anomy-list

Re: Re: 100 % CPU utilization Postfix+Anomy+SpamAssassin+ClamAV

From: Derrick Webber (139912@xyz.molar.is)
Date: Wed 09 Feb 2005 - 19:27:11 GMT

  • Next message: Bjarni R. Einarsson: "Daemonizing perl code: fork() is your friend! :-)"

    Paolo said:
    > On Tue, Feb 08, 2005 at 07:57:11PM -0500, Derrick Webber wrote:
    >> Paolo wrote:
    > ...
    > yes, like clamd; but sanitizer may call a number of helpers which may
    > slow things down as well.

    Absolutely... executing another process does. And if Sanitizer has to call
    a non-daemonized helper you'll lose performance same as before. Ideally
    you'd want to use daemonized versions of the helpers that are called for
    every message, like a virus scanner. For less used helpers (like our
    'tnef2multipart' and 'zip_policy' add-ons), only certain messages will be
    affected.

    On average though, message processing will be much faster with a
    daemonized sanitizer.

    >
    > so, what's your numbers with .pl, perlcc'd, perperl cases?
    >

    Here's what I get using the 'time' command with plain old sanitizer.pl and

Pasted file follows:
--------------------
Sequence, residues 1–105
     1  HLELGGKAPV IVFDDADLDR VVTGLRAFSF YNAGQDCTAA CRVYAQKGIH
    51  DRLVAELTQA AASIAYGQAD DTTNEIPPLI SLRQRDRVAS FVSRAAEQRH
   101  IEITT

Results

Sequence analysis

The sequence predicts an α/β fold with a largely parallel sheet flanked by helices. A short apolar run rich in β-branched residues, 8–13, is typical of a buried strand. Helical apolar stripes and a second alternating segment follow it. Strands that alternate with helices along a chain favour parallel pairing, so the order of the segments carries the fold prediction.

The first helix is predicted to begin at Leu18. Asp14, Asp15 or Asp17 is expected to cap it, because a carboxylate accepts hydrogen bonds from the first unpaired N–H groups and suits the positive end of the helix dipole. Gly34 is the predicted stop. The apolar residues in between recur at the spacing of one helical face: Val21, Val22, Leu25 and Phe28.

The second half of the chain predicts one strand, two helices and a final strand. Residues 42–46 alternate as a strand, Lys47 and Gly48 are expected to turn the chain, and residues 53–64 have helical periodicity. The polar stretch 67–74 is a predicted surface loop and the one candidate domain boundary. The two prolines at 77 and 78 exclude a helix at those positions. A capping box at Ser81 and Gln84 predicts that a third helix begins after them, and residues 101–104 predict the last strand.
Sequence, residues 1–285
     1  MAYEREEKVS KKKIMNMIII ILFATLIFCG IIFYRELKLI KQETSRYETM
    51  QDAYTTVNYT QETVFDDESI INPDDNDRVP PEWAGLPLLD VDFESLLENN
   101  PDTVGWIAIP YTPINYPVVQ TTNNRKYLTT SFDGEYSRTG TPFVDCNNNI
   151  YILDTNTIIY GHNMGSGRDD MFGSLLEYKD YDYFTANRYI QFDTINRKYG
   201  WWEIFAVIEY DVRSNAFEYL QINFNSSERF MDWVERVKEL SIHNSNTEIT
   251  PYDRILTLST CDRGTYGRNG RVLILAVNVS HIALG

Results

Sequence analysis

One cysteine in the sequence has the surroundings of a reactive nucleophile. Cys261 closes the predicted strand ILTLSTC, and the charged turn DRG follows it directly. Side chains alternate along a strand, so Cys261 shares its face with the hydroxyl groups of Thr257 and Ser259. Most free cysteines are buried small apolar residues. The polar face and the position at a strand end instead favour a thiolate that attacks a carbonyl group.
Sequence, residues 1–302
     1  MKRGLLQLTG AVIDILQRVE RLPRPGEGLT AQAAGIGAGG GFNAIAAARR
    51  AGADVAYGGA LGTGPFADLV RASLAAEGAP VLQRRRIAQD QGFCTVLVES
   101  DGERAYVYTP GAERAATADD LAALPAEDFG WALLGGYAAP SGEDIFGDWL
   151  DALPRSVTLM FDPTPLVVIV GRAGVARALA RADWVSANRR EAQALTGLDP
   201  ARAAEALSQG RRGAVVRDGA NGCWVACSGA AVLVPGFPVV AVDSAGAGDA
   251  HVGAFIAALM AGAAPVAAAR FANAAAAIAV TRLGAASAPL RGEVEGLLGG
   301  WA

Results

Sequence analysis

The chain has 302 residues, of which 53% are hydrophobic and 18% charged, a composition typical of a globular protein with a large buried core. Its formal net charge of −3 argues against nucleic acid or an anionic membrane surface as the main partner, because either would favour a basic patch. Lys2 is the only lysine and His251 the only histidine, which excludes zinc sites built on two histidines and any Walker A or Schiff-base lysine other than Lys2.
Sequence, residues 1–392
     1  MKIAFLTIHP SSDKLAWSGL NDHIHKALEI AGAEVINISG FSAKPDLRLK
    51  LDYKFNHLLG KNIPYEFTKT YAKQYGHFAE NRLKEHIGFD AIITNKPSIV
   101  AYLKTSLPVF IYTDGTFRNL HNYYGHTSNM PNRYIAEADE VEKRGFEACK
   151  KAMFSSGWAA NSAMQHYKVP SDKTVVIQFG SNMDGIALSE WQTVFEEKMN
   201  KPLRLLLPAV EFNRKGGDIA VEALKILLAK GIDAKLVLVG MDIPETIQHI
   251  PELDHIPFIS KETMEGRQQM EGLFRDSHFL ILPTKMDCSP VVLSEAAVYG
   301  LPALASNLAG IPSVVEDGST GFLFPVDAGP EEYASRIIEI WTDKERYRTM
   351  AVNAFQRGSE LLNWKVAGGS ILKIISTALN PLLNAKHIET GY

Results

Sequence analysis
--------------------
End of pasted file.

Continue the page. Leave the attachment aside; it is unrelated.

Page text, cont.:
a small test message:

     real 0m0.753s
     user 0m0.440s
     sys 0m0.070s

    Here's the same message processed with a 'perlcc' compiled sanitizer:

     real 0m0.179s
     user 0m0.070s
     sys 0m0.080s

    (The above are from a Sun e250 running Solaris 8. Not a fast machine.)

    With Persistent Perl (on an Athlon XP 2500 running Debian Testing and a
    manually compiled perl 5.8.5):

    First run (perperl backend not running)
     real 0m0.089s
     user 0m0.001s
     sys 0m0.001s

    Subsequent runs (backend running so Sanitizer is 'daemonized')
     real 0m0.009s
     user 0m0.001s
     sys 0m0.002s

    I don't use perperl with sanitizer on any production system. Last time I
    tried it didn't work well but that was several versions ago.

    There are problems daemonizing code that wasn't written to stay in memory.
    Global variables are assumed to be empty, unused memory is not released,
    etc. (folks who port stuff to mod_perl are very familiar with the issues).
    Perperl uses a few tricks to limit the effects of this, but it's not as
    good as code designed from the start to run as a daemon.

    Sanitizer may not have these issues... only real way to know is to try it.
    With a compiled sanitizer, design of the code is much less of an issue
    (assuming you can get perlcc to work at all ;-) There are commercial perl
    compilers available that work better than perlcc)

    --
     Derrick Webber
     Advosys Consulting Inc. Ottawa
     http://advosys.ca/
    -- 
    



    hosted by molar.is